Justice: What is Justice?
T. Ingmire, 2009
N7433.4 I48 J87 2008
Handmade paper mounted over board, Chinese Sumi ink, wide-edged pen (Automatic pen), Japanese brush.
The Latest Things in Kites
Ferrum Wheel Press, 2014
PS3606 R58 L37 2014
Artist’s statement: “A chapbook produced for Carrier Pigeon magazine as as tip-in, The Latest Things in Kites borrows language and its title from a chapter in the book, Fun for Boys. The chapbook is a single-sheet, four-page fold-over with rounded corners and a small embroidery thread tail. Handset in 14pt Goudy Bold and 10pt Goudy with antique copper cuts on Mohawk Via vellum. Hand letterpressed.” Edition of 1200 copies.
A Casual Commentary: front seat, u.s.a.
Salt Lake City: UT: M. Powers-Torrey, 1999
N7433.4 P69 C37 1999
Typeface is Twentieth Century Medium Italic. Handset and printed on an Asbern letterpress. Photographs are gum bichromate prints, photolithographs, and intaglio prints from photopolymer plates. Edition of 15 copies, signed and numbered. University of Utah copy is no. 4.
God Created the Sea and Painted it Blue So We’d…
Tallahassee, FL: The Small Craft Advisory Press, Florida State University, 2013
N7433.4 R395 G63 2013
Title is derived from a quote by Bernard Moitessier, a French yachtsman. Eleven unpaged booklets issued in a basswood box attached to linen hardcover with embossed title and printed endsheet. Inside the box are two compartments. One contains a tunnel of cut-out illustrations. The second compartment holds a cardboard box with title printed above tab enclosure and which contains the booklets. Images and text created with photopolymer plates, using Trajan and Optima typefaces on handmade cotton/abaca, French Construction, and Neenah Environment papers.
From the publisher’s website: [Mrs. Delany] is an “imagined collaboration between Mrs. Mary Delany (1700-1788), an English widow, woman of accomplishment, and creator of imaginative botanical ‘paper mosaics’ and Herr Ernst Haeckel (1852-1911), a distinguished and controversial German biologist and artist who devoted much of his time to the study and rendering of single-celled creatures.”
Cut paper image of a microscopic organism affixed to frontispiece with another cut-paper image affixed to the recto of the same sheet; eleven cut-paper interpretations of microscopic organisms tipped on to captioned plates; tipped-in cut-paper initials, numerous smaller cut-paper decorations. The paper cuttings are adapted from Ernst Haeckel’s Die Radiolarien (1862) and Kunstformen der Natur (1899-1904). They are cut from a variety of papers, including Yatsuo, Kozuke, mulberry, Gifu, Kitikata, and Kiraku kozo from Japan; Ingres and unidentified wove from Europe; and Reg Lissel handmade papers from Canada. Some were cut from papers previously marbled in the Turkish or Suminigashi styles. Some were dyed by the papermaker; some were dyed or otherwise hand-colored for this book. The cuttings are mounted on one of Arches text wove (white), Arches MBM Ingres (black) or Hahnemuhle Ingres (black).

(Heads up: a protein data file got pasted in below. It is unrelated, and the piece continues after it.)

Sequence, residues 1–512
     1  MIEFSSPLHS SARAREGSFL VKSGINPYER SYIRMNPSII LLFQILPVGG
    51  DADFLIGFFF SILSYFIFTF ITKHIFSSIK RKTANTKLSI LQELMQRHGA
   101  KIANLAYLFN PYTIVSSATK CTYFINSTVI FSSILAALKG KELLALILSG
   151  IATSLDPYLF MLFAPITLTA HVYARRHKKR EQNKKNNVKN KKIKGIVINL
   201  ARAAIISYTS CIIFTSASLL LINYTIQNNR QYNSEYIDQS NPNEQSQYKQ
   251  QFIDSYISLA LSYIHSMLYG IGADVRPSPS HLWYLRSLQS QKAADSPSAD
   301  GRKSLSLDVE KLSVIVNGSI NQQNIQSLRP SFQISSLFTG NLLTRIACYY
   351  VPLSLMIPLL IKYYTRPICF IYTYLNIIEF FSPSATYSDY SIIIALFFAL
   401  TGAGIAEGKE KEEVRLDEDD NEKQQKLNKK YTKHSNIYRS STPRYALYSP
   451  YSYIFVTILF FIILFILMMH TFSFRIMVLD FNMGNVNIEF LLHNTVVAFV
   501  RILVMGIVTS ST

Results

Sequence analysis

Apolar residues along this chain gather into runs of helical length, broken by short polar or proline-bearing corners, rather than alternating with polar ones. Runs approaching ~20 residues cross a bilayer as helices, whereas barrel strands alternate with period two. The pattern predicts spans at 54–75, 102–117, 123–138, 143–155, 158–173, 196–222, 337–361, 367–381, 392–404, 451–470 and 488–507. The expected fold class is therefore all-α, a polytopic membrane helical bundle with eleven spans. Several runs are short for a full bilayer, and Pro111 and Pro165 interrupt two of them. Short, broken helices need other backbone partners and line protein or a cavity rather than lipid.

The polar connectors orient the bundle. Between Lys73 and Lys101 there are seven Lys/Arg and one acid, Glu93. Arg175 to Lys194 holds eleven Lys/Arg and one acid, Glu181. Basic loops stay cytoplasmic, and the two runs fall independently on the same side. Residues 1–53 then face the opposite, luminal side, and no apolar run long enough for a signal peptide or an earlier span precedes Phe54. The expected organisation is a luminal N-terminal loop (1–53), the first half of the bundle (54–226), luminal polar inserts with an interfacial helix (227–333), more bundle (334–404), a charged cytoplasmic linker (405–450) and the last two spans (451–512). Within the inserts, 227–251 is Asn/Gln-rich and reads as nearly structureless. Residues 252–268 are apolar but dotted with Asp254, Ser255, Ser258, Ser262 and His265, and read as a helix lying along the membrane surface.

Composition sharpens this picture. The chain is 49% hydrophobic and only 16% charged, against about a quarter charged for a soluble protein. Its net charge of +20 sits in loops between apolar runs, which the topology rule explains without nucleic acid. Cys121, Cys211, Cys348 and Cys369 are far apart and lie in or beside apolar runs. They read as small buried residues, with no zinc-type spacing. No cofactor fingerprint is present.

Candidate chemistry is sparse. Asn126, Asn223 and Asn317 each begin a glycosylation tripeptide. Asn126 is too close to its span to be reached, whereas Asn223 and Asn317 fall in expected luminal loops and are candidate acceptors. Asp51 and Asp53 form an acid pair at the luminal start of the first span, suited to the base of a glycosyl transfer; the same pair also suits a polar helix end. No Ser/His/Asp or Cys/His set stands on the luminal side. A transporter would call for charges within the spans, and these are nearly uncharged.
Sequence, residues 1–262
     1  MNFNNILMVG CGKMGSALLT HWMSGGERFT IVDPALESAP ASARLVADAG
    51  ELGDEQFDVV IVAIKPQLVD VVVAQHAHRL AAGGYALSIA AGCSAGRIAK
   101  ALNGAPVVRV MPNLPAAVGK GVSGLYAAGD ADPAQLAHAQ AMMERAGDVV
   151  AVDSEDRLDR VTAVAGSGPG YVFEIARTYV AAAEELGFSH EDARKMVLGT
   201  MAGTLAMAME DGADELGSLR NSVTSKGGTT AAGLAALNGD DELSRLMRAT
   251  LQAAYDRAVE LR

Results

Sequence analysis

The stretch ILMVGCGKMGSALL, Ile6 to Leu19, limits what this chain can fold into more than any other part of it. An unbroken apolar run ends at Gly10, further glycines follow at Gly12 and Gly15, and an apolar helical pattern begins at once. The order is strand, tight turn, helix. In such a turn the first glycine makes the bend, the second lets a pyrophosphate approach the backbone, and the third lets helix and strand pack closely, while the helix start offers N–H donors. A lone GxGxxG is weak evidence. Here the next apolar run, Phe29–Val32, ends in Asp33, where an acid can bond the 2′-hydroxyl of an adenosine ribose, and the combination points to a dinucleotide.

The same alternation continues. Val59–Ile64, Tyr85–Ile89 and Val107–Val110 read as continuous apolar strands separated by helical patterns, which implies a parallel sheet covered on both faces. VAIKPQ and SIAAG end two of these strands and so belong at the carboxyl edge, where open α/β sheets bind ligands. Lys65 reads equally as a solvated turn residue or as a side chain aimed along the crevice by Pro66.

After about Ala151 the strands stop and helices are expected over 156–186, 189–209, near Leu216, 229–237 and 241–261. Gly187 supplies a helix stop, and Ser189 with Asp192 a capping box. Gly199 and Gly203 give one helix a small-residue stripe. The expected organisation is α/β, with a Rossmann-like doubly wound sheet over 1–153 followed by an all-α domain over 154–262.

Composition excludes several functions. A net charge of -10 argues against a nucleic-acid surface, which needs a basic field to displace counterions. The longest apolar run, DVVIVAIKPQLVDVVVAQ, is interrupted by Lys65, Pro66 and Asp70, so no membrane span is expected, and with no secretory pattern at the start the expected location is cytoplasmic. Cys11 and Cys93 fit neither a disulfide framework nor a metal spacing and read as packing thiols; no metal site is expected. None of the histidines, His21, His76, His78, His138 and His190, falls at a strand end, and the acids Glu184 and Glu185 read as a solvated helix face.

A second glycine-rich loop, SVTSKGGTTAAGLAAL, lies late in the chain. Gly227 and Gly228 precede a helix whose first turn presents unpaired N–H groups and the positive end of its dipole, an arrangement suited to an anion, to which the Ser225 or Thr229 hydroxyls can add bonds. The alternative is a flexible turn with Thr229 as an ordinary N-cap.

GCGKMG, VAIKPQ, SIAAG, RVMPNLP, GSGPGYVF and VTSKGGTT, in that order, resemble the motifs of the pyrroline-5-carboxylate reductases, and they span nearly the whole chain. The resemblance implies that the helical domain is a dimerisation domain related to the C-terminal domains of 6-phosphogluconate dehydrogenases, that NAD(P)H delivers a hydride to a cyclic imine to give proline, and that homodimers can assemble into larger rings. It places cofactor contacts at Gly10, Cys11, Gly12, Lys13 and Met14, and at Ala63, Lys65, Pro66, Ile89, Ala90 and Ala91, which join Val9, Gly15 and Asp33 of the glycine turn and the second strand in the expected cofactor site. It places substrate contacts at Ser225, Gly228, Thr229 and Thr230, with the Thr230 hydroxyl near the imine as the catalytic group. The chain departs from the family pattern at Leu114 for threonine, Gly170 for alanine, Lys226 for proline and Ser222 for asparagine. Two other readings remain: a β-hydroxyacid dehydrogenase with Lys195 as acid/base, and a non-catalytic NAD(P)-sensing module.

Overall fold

Bound in full polished morocco, ruled and stamped decoratively in red and gilt with a gilt-lettered spine by Claudia Cohen. Marbled endpapers. Issued in orange clamshell case with a gilt-lettered spine label.
Edition of twenty-five copies plus six hors de commerce, each signed by the author, printer, and binder. Rare Books copy is XXII.
East Hampton, NY: 2015
PR4611 J32 2015 oversize
India ink washes, various collage and drawing elements incorporating metallic gold paper and aluminum foil with text from newspaper type, copied on various papers, each letter cut out and collaged in a myriad of shapes and sized as well as colors. Richard de Bas cream wove paper. Bound by Joelle Webber: hand-sewn yellow colored silk over boards with title on front panel, a reduced reproduction of the title-page. Blue and silver endpapers by St. Armand, terracotta colored guards. Housed in tan linen over boards, clamshell box, title in red reproduced from the title-page with yellow and red reproduction of first page inset on front panel. Signed and dated by the artist.
The Arctic Plants of New York City
James Walsh (b. 1961)
New York City: Granary Books, 2015
N7433.4 W355 A73 2016
From the publisher’s website: “The Arctic Plants of New York City combines personal letters, poetry, prose essays, scholarly research, botanical exploration and artistic investigation, and ranges from the Doctrine of Signatures to the sleep of plants, and from Jean-Jacques Rousseau and John Muir on mental travel to Giacomo Leopardi and Charles Baudelaire on the necessity of illusion for art and life. Interspersed throughout the book are a number of two-page spreads that focus on a single plant, such as Common Mugwort, with a mounted botanical specimen of that plant surrounded by texts drawn from earlier writers on botany and set in verse, creating a field of word-objects interacting with plant-objects. The letters that open the book lead into a prose essay that touches on the souls of plants, their use in medicine and as spurs to mental travel, their transience, their migrations, their meaning. A bibliography lists the most essential works from the author’s research and the book concludes with a reproduction of the index from Nicholas Polunin’s Circumpolar Arctic Flora (1959), in which the author has marked in red pen the eighty-eight Arctic plants that occur in New York City. Written, designed, and printed letterpress by James Walsh, with eighteen botanical specimens pressed and mounted by the author. Bound by Daniel Kelm at Wide Awake Garage.” From the colophon: “All the plants were gathered in Brooklyn.” Printed by the author using two Vandercook proof presses at the Center for the Book Arts. Text paper is Somerset Book White, endsheets are Hahnemuhle Ingres Blue Green. Cloth bound in Dover Oxford Black. Edition of forty copies, 34 of which are for sale.
Inspired by PBS’s The Great American Read, beginning May 22, season six of KUED’s VERVE was produced by Ashley Swansong, Digital Media Producer. While working toward her Bachelor’s of Fine Arts in Film, Cinema, and Video Studies from the University of Utah, Ashley worked in Special Collections.